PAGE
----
You will find personalized and comprehensive care for abnormal heart rhythms, called arrhythmias, at Carolinas HealthCare System’s Sanger Heart & Vascular Institute. Highly skilled, board-certified cardiac physicians develop treatment plans for your needs. The comprehensive team consists of clinical cardiac electrophysiologists, cardiothoracic surgeons, cardiac imagers, cardiac anesthesiologists, sleep medicine specialists, and anticoagulation specialists centered on personalizing your care.
Your heartbeat is regulated by electrical signals controlled by nerves in the heart. For an adult at rest, the heart should beat 60 to 100 times per minute. When the heart beats less than 60 beat per minute, it's known as a bradycardia; when it beats faster than 100 beats per minute, it's known as a tachycardia. While a normal heart can be slow or fast at times, arrhythmias represent times when a heart is abnormally fast, slow or irregular. Arrhythmias can also occur as irregular single heartbeats like extra beats or skipped beats.
Sometimes arrhythmias have no symptoms. You may notice a change in your heart rate, a flutter or pain in your chest, or feel lightheaded, dizzy, faint or short of breath. Arrhythmias can signal the beginning of a heart attack, or can result from heart disease, high blood pressure, obstructive sleep apnea (OSA), diabetes, a thyroid condition, too much caffeine or alcohol, energy drinks, medications, drug use, stress or environmental factors. Many arrhythmias aren't harmful and don't need treatment or can be controlled with medications. However, some arrhythmias can lead to sudden cardiac arrest or stroke. Someone with atrial fibrillation (the most common type of irregular heartbeat) is nearly five times more likely to have a stroke. It is important to understand your diagnosis and risk factors.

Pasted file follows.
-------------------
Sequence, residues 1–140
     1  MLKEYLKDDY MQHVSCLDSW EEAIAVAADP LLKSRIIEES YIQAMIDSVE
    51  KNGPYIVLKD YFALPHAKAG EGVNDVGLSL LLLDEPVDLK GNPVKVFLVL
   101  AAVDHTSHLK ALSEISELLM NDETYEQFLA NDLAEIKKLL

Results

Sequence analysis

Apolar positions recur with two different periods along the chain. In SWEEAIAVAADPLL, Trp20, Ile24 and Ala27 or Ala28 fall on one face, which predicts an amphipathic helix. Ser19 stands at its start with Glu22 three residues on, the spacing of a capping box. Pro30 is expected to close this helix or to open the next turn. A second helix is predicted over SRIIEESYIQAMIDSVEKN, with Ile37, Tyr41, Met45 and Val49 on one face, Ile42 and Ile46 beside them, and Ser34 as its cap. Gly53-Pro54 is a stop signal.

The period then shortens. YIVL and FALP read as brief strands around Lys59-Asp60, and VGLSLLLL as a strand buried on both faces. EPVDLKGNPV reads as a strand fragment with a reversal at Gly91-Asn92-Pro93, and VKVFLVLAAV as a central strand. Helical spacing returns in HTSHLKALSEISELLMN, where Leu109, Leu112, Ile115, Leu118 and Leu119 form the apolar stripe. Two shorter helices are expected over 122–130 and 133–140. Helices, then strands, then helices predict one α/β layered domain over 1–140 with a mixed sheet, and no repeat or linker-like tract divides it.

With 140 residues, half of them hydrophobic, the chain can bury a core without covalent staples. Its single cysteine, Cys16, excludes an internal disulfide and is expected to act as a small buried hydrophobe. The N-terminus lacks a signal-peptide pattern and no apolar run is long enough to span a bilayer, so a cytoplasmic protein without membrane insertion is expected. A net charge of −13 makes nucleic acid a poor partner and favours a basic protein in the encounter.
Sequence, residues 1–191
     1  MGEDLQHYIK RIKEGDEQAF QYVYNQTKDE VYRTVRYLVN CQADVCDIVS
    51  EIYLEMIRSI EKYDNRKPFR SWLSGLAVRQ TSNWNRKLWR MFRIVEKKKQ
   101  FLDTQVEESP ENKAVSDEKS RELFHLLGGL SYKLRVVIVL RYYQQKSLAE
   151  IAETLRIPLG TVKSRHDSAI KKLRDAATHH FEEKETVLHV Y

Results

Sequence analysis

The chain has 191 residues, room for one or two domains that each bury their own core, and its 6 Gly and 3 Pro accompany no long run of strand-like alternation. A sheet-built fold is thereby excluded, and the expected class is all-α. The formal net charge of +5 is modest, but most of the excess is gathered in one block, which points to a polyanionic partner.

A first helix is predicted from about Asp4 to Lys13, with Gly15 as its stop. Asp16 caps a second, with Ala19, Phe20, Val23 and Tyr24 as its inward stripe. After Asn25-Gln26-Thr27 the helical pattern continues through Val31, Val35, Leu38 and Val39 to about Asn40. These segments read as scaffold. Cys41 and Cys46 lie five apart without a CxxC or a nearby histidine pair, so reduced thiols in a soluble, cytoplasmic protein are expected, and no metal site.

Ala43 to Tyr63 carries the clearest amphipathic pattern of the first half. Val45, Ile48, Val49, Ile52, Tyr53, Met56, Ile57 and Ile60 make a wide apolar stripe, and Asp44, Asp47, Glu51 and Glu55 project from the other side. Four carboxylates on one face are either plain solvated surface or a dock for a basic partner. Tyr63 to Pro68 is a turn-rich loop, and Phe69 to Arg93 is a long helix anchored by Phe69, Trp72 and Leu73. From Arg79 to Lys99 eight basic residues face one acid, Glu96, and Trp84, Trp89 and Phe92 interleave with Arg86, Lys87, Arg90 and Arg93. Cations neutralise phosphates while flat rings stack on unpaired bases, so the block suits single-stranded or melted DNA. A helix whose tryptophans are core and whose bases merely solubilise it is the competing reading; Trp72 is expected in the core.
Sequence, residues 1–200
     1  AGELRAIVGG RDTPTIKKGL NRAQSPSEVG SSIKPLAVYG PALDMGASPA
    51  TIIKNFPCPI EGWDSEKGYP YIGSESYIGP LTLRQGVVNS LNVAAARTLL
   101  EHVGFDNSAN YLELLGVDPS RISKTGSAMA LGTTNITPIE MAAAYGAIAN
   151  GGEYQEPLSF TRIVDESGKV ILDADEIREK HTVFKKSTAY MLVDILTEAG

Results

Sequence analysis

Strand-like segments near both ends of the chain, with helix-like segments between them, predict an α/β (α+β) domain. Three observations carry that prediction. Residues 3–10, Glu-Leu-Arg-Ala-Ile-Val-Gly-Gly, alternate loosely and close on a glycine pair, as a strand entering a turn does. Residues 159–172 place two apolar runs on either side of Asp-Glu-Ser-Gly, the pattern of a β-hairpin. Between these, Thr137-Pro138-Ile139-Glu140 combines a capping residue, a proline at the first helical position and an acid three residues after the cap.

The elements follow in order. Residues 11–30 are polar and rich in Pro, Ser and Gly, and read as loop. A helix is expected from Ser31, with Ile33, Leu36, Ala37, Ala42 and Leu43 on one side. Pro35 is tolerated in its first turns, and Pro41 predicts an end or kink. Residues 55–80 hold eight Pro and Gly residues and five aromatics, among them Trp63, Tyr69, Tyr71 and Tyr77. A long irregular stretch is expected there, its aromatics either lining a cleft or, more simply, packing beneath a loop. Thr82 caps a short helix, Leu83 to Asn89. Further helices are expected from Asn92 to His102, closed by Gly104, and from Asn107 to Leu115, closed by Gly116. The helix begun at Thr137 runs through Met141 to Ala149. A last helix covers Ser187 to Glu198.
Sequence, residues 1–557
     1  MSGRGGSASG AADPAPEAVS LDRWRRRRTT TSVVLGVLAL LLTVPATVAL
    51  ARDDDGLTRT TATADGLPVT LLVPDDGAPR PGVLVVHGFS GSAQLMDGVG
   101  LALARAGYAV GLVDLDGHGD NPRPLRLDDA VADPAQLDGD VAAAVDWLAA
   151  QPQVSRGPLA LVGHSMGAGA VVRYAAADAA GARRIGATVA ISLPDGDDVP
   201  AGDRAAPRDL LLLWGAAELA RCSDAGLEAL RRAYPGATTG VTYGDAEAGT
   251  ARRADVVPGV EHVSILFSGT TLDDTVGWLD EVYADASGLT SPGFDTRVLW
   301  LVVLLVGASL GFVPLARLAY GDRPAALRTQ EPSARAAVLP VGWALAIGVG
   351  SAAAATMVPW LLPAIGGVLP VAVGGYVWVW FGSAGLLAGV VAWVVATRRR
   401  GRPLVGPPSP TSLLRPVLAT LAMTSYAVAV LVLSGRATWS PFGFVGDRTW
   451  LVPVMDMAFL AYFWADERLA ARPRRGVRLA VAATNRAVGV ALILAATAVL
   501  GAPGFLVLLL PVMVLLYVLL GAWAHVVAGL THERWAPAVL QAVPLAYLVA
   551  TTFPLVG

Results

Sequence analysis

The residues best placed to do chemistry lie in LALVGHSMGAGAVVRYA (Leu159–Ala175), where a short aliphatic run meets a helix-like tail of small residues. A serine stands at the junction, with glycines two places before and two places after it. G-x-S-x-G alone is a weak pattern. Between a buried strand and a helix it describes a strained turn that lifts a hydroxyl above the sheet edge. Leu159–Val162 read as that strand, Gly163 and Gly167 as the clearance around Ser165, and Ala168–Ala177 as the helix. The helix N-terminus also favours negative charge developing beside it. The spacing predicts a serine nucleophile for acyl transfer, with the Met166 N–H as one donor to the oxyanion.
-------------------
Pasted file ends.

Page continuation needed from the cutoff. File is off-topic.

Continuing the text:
If you require surgery to implant pacing devices, our cardiac device clinics will help you maintain an independent lifestyle and reduce the amount of traveling to and from office visits. With 12 locations, you’re bound to find a device clinic near you. Sanger Heart & Vascular Institute's clinical team will check your device’s battery, evaluate the function of the leads going into the heart, evaluate rhythm abnormalities, and adjust the programming as needed as well as deliver information about your heart to your care team.
These innovative devices also offer remote monitoring, so physicians and medical staff can offer care in real time without your presence in the office. Your device monitors your heart rhythm and the technical function of your device daily and will alert you or your team to problems, should they occur. Your heart rhythm team will use this information to deliver your care in real time.
To keep you connected with others, support groups meetings are offered in the Charlotte and Shelby areas and open to all patients with a cardiac device and their families. To learn more or to RSVP, call: 704-482-1006.
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